But experts say the sheer ease with which phishing can be executed is threatening as the knowledge on how to launch a phishing attack is often just a click away. Head-S-E Asia & India, Websense Inc, Surinder Singh says, 'It’s getting more and more organised by the day. There is a whole set of an organised economy - where there are websites which sell these phishing kits. With these phishing kits, even a layman like me and you without any technical background, can launch these phishing attacks. In one or two days, there are hacking tools which are sold over these websites. It's very well organised and getting bigger by the day.”

Experts say phishers often meet in online secret chat rooms and trade knowledge on different security systems and new ways of launching attacks across countries. Mukhi explains, 'Once I was at a chat show on the internet and there were some phishers who were sharing ideas and they were all very unanimous - that most of the banks in India do not have an emergency response team for phishers and they don't respond as fast as an American or European bank would. So, phishers are now going to target Indian banks because they get more user names and passwords than any other banks.”

Buch says, 'We have created a special place where an alert can be given and we have found that the speed of response is extremely high. Within half an hour or a couple of hours of the mail first reaching us, we get an alert. The authorities have been extremely helpful. Through the authorities, we are able to bring down the site and there is no damage done to our customers. We are available to our customers 24x7 on so many channels. The people who are mapped to that e-mail ID that I mentioned - in addition to the executive director, it goes to a host of people who are on duty and on call 24x7.'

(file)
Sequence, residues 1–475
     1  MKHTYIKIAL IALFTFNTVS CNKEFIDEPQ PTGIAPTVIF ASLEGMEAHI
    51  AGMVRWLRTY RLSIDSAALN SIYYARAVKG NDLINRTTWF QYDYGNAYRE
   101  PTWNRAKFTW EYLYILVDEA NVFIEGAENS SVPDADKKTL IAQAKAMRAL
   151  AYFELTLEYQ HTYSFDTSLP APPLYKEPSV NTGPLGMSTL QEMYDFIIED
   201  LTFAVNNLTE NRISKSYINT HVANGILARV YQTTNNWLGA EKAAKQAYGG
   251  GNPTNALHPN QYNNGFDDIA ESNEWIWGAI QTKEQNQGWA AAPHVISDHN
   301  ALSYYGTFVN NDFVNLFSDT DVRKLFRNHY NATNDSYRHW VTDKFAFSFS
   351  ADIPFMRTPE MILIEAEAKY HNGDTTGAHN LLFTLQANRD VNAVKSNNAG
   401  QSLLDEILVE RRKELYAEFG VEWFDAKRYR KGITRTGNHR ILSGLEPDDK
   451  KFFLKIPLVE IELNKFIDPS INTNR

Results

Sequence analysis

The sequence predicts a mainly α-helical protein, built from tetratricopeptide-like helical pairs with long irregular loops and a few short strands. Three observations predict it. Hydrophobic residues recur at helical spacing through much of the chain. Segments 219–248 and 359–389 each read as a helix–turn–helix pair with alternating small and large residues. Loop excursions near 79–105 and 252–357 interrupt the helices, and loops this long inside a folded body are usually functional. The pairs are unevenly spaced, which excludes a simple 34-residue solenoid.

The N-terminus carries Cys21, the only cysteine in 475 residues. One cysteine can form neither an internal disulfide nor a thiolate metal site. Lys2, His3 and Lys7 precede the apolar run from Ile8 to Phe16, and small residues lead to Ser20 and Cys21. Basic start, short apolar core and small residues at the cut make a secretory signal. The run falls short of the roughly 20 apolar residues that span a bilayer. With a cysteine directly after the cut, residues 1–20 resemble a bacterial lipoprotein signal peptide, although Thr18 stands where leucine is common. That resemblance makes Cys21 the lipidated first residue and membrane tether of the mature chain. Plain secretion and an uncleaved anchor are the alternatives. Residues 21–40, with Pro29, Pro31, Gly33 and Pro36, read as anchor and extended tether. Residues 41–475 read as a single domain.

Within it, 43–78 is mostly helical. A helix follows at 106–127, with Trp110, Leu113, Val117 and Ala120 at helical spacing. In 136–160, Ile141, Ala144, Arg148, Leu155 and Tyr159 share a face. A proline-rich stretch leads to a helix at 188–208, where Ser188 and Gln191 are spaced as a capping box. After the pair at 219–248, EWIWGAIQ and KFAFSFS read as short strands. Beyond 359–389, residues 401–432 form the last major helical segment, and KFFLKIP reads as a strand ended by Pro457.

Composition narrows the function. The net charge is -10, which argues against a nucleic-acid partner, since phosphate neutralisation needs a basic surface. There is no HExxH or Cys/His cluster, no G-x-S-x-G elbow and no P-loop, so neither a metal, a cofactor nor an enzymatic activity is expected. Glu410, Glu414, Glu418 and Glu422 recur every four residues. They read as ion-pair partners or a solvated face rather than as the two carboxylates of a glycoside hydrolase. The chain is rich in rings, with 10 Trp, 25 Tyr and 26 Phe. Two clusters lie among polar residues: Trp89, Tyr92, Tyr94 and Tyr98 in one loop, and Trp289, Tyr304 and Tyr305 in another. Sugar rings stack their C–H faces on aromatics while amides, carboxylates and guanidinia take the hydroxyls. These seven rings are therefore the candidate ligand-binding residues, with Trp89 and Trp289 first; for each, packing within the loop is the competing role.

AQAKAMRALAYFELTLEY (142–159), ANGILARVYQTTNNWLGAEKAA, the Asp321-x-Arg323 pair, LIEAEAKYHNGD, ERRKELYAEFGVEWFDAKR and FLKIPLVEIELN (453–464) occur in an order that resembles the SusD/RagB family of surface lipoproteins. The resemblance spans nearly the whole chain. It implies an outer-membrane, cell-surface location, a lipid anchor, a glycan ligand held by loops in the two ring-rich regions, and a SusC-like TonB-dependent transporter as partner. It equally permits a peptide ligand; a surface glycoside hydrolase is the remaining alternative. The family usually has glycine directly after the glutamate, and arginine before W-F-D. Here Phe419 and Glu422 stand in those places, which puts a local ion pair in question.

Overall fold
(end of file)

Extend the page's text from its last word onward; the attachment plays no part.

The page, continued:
Sounds far fetched? Not really. Just a few days ago, UTI Bank was the victim of a phishing attack. The Delhi police has arrested four Nigerian nationals and an Indian in the case. According to the police, Oxabe and his accomplices allegedly sent e-mails that included a hyper-link within the e-mail itself. A click on that link took the recipients to a web page which was identical to UTI Bank's site. After the customers had logged in with their passwords and names, the information was sent to the alleged fraudsters who then used the information to transfer large sums of money to various accounts, all over the world, using the internet banking facility.

The police believe it’s an international racket involving even more people, sitting in various parts of the world. Additional Commissioner of Police, Delhi police, KK Vyas says, 'They had organised this racket in which they actually sent phishing mails using UTI Bank's details. They had copied the UTI logo etc and on that basis, they prepared letters as if they had originated from the bank.

But phishing attacks are continuing unabated. Last month, UTI Bank filed an FIR with the Delhi police after it received complaints from customers that cash had been debited from their accounts without their knowledge. Customers from Thane, Delhi, Vishakapatnam, Nasik and Ahmedabad - all had one thing in common- they had replied to an e-mail from the bank.The damage: 30 customers who lost Rs 20 lakhs and this amount was reported by the ones who caught on early.

KK Vyas explains, 'We had been receiving more and more complaints and that means this scam could run into a very high proportion. It is quite possible that other branches of UTI Bank in various parts of the country might also be affected. So, the process of verification is going on and we are in the process of identifying where all the money has gone.'Data from the Computer Emergency Response Team India shows phishing attacks are on the rise. The year 2005 saw 86 incidents of phishing reports. In 2006, this number more than doubled to 200 incidents. Not only were attacks being launched in India but 2006 saw the maximum phishing attacks being launched from India on other countries as well.

Security expert, Surinder Singh says, 'As per Websense Security Lab, we find that at any given point in time in 2006, there were 2 to 300 websites being hosted. There was a spurt in October where we identified 790 websites which were hosted in India and being used to carry out attacks.”